This month, we’ll share our schedule of upcoming webinars for educators hoping to teach abroad. We’ll also give teachers an overview of Ramadan, the Islamic holy month that began early in July. Our country spotlight for July is Kazakhstan.
Teach Away Webinars
In order to improve the ways we provide our teachers with information, Teach Away is offering webinars to educators hoping to teach abroad. These interactive sessions give you the chance to ask your questions to Teach Away representatives, and deliver visual and audio content about teaching, job hunting, and living abroad.
Webinars are free to attend and open to anyone interested in teaching overseas someday. Reminders will appear on the Teach Away Facebook page, Google+ page, and Twitter page on the days leading up to the webinars, so follow us for updates! Webinar Schedule for August:
August 14, 5 pm Eastern Time (New York/Toronto) Register online: https://www1.gotomeeting.com/register/928765392 If you’re looking for a little more information about what it’s like to teach in the UAE, then this webinar is for you. Join us to find out some more about moving to and living in the UAE, teaching abroad, traveling in the Middle East, and hear from some of our teachers who are currently in the UAE.
August 28, 5 pm Eastern Time (New York/Toronto) Register online: https://www1.gotomeeting.com/register/494942656 Applying for a teaching position can be stressful. Join us for some great tips about how to succeed with a complete profile, impressive resume and well written cover letter, as well as effective preparation for interviews.
Ramadan: An Overview
This month marked the beginning of Ramadan in the Islamic world. Many of our teachers who will be moving overseas next year have asked about Ramadan, so read on for a guide. Ramadan basics: Ramadan is observed during the ninth month of the Islamic calendar. It is a month for prayer, charity, and fasting. The Ramadan fast restricts Muslims from eating or drinking from dawn until dusk. Each night, families and communities break their fast with a meal known as iftar. Though Westerners often associate Ramadan only with fasting, Muslims also focus on the importance of charity and generosity. Many volunteer in their communities and make donations of food, clothing, or time.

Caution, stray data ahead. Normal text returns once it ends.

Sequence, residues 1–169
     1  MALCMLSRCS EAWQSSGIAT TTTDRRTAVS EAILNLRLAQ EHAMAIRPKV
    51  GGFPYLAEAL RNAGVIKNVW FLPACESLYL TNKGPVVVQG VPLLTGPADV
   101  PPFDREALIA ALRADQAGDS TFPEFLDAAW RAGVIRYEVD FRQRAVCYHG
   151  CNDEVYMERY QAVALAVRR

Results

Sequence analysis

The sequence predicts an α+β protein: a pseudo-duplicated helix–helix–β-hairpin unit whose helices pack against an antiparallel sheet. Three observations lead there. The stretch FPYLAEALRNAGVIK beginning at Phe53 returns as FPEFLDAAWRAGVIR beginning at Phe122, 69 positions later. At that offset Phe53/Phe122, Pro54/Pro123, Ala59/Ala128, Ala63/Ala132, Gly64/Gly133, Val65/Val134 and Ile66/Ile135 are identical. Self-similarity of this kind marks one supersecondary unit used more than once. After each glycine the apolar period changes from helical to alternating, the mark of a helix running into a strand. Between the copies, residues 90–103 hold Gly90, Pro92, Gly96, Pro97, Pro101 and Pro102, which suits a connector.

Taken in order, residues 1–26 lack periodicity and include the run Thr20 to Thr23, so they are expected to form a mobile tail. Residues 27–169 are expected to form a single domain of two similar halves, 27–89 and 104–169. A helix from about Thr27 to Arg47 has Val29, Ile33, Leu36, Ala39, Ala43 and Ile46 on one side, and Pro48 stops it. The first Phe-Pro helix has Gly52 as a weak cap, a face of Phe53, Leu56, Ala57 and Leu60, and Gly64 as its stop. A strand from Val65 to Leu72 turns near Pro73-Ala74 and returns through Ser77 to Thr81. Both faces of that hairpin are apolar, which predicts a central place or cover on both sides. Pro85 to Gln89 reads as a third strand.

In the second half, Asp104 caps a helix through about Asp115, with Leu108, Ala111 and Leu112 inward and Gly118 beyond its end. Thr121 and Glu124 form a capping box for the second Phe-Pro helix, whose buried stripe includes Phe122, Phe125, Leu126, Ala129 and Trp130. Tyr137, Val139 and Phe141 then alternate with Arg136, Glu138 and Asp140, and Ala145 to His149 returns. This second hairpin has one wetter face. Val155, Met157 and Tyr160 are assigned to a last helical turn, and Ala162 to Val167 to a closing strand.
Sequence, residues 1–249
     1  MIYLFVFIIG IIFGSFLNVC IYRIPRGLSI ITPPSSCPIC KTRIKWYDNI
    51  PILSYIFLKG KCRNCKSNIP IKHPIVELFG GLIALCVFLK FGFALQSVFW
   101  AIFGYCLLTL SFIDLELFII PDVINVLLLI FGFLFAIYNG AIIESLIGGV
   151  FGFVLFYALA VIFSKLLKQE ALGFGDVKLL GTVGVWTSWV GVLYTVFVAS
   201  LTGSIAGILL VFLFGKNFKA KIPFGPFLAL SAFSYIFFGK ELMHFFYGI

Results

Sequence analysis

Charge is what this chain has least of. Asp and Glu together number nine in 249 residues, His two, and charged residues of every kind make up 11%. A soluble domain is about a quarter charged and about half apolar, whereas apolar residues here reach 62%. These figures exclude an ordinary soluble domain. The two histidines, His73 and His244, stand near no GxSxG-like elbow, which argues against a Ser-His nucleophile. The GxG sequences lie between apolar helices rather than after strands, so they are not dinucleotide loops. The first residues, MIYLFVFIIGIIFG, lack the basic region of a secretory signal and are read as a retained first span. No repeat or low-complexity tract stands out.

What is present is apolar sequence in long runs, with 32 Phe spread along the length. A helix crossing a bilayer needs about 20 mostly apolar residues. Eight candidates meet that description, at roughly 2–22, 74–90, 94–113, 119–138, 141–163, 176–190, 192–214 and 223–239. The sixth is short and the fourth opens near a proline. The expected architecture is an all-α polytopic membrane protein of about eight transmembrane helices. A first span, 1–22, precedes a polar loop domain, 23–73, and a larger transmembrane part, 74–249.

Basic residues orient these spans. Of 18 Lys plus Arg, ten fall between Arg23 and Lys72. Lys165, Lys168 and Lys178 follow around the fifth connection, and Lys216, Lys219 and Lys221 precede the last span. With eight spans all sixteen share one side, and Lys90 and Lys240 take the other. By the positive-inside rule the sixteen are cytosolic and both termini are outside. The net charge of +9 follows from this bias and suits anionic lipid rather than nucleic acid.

The calendar: The Islamic calendar is a lunar calendar, which means that the dates shift forward each year by about 11 days. In addition, some countries differ by one or two days in their observance of Ramadan. This year, Ramadan is being observed from sunset on July 8th – August 7th (or July 9th – August 8th). Changes to daily life: If you are in a country where Ramadan is observed, you’ll want to keep in mind that businesses and government offices will usually hold shorter work days. This will affect the speed at which business is done, and will change the timing of rush hours and other busy times of day. Showing respect: Expectations of foreign visitors will vary depending on the country. At a minimum, you should refrain from eating or drinking in public, and keep in mind that many people around you are spending their days without food or water. In some countries, all restaurants will close during the day. Other countries might cater to foreign visitors by keeping restaurants open, although patrons will usually be served indoors. Use common sense and observe the actions of those around you. It’s better to err on the side of caution than risk coming off as disrespectful. What to say: “Ramadan Kareem” and “Ramadan Mubarak” are phrases used as greetings. It’s also fine to say “Happy Ramadan” in English. Ramadan ends in a festival known as Eid al-Fitr. To celebrate the end of Ramadan, you can greet people with “Eid Mubarak!”
Country Spotlight: Kazakhstan
Located at the crossroads of Europe and Asia, Kazakhstan is a beautiful country for intrepid travelers. The world’s ninth-largest country, it is largely unexplored by foreign visitors, but boasts an array of stunning natural scenery, including snowy mountains, open deserts, and rocky canyons. Kazakhstan is culturally and ethnically diverse, and as a result, people in Kazakhstan are generally known for being tolerant and respectful. Roughly two-thirds of the population speaks Kazakh, though almost everyone speaks Russian, which is also an official language of Kazakhstan. English is slowly becoming more common as the country works to expand its English-language education. Teachers in Kazakhstan can be placed in many cities across the country. Visit the chic cafes of Almaty, the nation’s largest city, or explore the diverse influences in the capital city of Astana. Visitors can travel the famous Silk Road, hike mountains and canyons, and explore vast northern glaciers. Teach Away has a number of new positions in Kazakhstan, both in public and private schools. Teaching jobs in Kazakhstan offer competitive salaries with excellent benefits, including accommodation, health care, and generous vacation time. Interested candidates can learn more about teaching in Kazakhstan and about teaching in Nazarbayev Intellectual Schools, an elite network of publicly funded schools throughout the country.